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A stochastic process is defined as a family of random variables $\{X_t: \Omega \to S, t \in T\}$ , where $\Omega$ is a probability space, $T$ is a set, and $S$ is a measurable space. Equivalently, a stochastic process can be defined as a mapping $X: \Omega \to S^T$ such that it is measurable with respect to the sigma algebra on the probability space $\Omega$ and the product sigma algebra on $S^T$.

Now let me try to define a different kind of "stochastic processes", by replacing the sigma algebra on $S^T$ with a different one. Suppose $A \subset S^T$ which is not necessarily measurable wrt the product sigma algebra on $S^T$. Now introduce the smallest sigma algebra $\mathcal M$ on $A$ such that $\forall t \in T$, the mapping $t: A\to S$ defined as $t(a): =a(t), \forall a \in A$ is measurable. Now define a "stochastic process" to be a measurable mapping $Y:\Omega \to A$ wrt the sigma algebras on $\Omega$ and on $A$. An example of such a "stochastic process" is a random measure, where $T$ is a sigma algebra, $S$ is $[0, \infty]$ and $A$ is a set of measures defined on $T$.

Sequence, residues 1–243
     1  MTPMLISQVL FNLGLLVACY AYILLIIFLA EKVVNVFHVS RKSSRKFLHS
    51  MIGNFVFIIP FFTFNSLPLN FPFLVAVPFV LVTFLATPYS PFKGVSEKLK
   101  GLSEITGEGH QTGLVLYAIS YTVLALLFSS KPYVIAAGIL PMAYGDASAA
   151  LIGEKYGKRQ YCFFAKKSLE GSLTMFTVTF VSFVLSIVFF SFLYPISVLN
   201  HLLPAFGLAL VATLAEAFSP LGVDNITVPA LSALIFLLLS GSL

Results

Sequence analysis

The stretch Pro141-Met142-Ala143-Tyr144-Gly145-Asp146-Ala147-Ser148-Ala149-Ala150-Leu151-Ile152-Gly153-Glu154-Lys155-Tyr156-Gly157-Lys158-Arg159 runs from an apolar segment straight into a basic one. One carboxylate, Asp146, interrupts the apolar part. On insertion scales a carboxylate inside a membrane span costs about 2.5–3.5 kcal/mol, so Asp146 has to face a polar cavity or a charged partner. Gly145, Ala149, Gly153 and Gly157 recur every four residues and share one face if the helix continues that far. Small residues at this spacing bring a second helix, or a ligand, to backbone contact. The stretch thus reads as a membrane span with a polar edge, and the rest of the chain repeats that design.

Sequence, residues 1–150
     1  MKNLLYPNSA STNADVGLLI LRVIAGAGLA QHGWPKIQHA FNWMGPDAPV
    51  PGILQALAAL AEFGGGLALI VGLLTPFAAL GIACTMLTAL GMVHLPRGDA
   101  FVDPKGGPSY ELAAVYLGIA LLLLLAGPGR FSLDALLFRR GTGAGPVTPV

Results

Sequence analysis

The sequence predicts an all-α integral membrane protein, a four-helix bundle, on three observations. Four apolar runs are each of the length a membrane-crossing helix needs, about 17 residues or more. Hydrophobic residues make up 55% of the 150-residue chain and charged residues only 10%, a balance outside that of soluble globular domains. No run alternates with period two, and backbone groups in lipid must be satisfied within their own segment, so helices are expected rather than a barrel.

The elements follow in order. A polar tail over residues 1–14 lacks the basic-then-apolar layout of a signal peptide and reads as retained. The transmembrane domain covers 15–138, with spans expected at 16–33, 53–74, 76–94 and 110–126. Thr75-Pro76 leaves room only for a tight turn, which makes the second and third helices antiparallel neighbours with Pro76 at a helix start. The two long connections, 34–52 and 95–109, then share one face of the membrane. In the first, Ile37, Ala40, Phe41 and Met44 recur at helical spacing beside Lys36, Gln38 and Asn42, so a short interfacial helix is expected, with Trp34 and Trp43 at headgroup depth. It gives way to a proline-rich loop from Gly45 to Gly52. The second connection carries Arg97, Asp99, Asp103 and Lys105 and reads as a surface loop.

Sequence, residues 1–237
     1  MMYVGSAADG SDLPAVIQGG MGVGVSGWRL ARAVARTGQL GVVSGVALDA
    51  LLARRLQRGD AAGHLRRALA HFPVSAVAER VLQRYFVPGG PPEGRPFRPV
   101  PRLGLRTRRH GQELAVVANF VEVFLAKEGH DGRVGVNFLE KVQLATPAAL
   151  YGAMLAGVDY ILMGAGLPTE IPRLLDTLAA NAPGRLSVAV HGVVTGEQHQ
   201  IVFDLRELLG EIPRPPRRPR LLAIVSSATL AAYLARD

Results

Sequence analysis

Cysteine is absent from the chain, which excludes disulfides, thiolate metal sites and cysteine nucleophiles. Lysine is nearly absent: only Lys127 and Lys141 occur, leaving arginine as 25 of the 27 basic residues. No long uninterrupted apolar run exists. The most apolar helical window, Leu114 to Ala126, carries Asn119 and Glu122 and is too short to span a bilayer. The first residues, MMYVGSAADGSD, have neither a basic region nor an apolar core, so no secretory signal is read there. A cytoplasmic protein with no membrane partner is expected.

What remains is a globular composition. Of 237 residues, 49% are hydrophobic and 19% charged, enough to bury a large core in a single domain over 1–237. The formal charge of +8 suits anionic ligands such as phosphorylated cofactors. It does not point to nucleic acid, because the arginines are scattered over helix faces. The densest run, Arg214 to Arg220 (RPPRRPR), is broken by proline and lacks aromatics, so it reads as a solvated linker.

My questions:

  1. When viewing a "stochastic process" $Y:\Omega \to A$ as a mapping $Y:\Omega \to S^T$, is $Y$ not necessarily a stochastic process? If possible, what conditions can make $Y$ a stochastic process?

    For example, can a random measure $Y:\Omega \to A$ be viewed as a family of random variables $\{Y_C: \Omega \to [0, \infty], \forall C \in \mathcal M\}$?

  2. Is a stochastic process $X: \Omega \to S^T$ necessarily a "stochastic process"? In other words, on $S^T$, is the product sigma algebra the same as

    the smallest sigma algebra on $S^T$ such that $\forall t \in T$, the mapping $t: S^T\to S$ defined as $t(f): =f(t), \forall f \in S^T$ is measurable?

    Added: Yes, I think it is. Because product sigma algebra is defined to make projections measurable.

Thanks and regards!

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